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The Historical Cemeteries of Livorno

Livorno is historically an important port city: its status as a hub for international trade has helped to make it a crossroads of peoples and cultures.

With the arrival of the Medici in the second half of the sixteenth century, the city began to attract numerous and wealthy foreign merchants, becoming home to consulates and important shipping companies. The “Livornine” Laws favored the arrival of Greek, French, Dutch-Alamanni, Armenian, English, and Jewish traders who led Livorno to establish itself not only as an economic power, but also as a multi-ethnic city par excellence.

The presence of numerous nationalities led to the consequent need to create burial spaces adapted to the different religious orientations.

The first Protestant cemetery to be built in Italy was in fact that of Livorno, called the English. The cemetery stood near the city center, in Via Verdi, near St George’s Church, already a place of worship of the Anglican community.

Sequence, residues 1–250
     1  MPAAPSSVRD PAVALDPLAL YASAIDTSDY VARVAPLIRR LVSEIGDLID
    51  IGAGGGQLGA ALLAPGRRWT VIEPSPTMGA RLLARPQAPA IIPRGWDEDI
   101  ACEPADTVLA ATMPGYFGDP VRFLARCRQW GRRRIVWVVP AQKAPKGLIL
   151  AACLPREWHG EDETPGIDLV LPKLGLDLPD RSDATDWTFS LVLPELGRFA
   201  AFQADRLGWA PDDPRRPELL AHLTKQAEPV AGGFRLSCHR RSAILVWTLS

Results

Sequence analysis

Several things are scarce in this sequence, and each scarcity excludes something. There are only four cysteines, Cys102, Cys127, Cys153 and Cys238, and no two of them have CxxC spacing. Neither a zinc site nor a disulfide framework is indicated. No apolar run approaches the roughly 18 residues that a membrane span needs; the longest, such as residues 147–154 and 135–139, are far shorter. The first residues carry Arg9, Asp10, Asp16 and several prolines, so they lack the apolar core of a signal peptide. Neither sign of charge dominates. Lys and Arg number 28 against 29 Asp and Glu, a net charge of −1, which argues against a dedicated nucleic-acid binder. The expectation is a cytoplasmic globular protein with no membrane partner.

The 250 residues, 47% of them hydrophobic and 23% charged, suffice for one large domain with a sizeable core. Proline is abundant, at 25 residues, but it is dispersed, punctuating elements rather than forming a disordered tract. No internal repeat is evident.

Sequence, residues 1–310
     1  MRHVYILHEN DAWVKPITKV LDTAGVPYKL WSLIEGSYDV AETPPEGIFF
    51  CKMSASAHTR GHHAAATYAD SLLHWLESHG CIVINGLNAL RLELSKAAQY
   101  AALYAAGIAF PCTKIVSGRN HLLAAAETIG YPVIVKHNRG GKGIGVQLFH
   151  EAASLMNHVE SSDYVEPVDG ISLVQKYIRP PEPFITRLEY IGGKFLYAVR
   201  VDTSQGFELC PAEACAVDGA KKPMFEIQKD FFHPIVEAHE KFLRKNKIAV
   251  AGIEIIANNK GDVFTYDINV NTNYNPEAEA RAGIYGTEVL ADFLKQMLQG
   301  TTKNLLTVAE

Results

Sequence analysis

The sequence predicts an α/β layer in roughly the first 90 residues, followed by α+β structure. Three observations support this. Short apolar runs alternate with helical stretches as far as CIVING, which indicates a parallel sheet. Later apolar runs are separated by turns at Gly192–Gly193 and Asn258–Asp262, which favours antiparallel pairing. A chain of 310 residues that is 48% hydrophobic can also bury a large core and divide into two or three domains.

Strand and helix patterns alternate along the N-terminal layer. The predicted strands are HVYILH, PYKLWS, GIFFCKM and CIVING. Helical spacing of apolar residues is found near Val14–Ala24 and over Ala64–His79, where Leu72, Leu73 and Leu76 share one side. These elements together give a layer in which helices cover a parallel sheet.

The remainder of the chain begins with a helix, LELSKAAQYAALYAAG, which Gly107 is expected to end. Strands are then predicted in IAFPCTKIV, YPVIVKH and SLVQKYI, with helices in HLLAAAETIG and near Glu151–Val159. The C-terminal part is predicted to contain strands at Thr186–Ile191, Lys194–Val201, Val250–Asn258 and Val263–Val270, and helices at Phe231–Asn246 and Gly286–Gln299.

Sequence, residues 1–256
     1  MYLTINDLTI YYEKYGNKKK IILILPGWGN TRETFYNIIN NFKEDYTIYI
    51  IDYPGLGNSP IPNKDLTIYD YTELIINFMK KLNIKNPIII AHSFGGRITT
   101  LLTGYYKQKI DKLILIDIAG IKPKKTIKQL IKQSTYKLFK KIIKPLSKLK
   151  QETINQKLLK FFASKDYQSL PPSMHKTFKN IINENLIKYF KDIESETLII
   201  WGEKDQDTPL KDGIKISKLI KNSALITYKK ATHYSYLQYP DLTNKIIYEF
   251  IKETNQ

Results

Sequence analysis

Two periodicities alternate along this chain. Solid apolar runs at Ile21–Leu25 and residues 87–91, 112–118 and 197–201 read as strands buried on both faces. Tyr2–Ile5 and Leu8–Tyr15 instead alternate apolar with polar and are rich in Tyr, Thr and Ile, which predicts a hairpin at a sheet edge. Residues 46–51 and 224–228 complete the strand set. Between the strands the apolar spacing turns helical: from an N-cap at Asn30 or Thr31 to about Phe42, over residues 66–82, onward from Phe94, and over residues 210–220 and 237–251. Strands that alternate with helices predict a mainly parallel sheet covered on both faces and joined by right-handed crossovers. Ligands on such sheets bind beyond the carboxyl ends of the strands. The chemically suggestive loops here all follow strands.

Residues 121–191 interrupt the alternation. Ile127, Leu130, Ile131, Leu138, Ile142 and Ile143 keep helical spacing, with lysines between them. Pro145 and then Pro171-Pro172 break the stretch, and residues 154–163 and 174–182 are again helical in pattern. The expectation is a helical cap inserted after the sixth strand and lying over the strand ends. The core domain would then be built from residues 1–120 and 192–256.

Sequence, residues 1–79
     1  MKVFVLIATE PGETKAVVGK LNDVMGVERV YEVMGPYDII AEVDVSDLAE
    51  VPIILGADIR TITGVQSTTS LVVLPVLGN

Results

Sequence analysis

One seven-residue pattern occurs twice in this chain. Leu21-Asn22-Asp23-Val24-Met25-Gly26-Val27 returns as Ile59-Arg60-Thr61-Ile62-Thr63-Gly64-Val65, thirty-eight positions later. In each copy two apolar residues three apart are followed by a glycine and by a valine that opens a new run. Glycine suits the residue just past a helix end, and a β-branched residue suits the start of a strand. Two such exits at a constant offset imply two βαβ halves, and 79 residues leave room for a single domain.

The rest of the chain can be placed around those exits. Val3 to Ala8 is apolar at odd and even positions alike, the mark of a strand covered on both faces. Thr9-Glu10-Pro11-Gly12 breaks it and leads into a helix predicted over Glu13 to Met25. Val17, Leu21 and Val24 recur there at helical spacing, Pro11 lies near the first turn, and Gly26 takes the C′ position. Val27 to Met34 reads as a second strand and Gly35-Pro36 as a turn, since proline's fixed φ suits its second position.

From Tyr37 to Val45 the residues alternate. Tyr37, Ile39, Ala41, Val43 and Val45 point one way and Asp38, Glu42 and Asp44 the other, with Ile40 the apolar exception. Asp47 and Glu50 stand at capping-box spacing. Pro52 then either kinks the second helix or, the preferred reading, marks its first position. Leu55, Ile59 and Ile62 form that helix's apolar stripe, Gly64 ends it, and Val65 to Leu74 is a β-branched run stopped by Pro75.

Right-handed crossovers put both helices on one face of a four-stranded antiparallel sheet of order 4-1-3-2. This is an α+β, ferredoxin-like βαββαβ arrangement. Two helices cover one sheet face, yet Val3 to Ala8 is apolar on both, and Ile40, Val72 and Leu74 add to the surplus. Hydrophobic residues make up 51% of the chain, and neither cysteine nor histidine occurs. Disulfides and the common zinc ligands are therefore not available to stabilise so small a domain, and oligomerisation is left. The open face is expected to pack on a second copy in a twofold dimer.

Around the mid-nineteenth century the burials were suspended to allow the expansion of the city and a new cemetery space was born outside the walls.

The cemetery in Via Verdi suffered serious bombing during the Second World War but still remains one of the most evocative places in the city. It is possible to visit it by reservation, which must be agreed with the adjacent Waldensian church.

The Turkish and Armenian Cemeteries were also built. The first, dedicated to the burial of Ottoman merchants, was built in 1762 and then demolished in 1872 and was characterized by a tall red crenellated wall. The Armenian Cemetery, which also disappeared, housed the tomb of Gregorio Sceriman, an artist and man of letters.

Today you can still visit the Greek Orthodox Cemetery, dating back to about 1840, where orthodox celebrations are still held, and the Cemetery of the Dutch Alamanni Congregation, which was built to replace the previous one, called the “Garden of the Dutch”, and which is today part of the Places of the Heart of the FAI (Italian National Trust)

There were four Jewish cemeteries: the Campaccio, the New Cemetery, the Cemetery of Viale Ippolito Nievo and the Cemetery of Wolves. With the Livornine Laws, in fact, the Medici put in place a series of facilities aimed at Jews from the Iberian Peninsula and in just two hundred years the Jewish community residing in Livorno grew from 114 people to about 5000. The New Cemetery replaced the oldest Campaccio, while the cemeteries of Viale Nievo and the Wolves are still in use.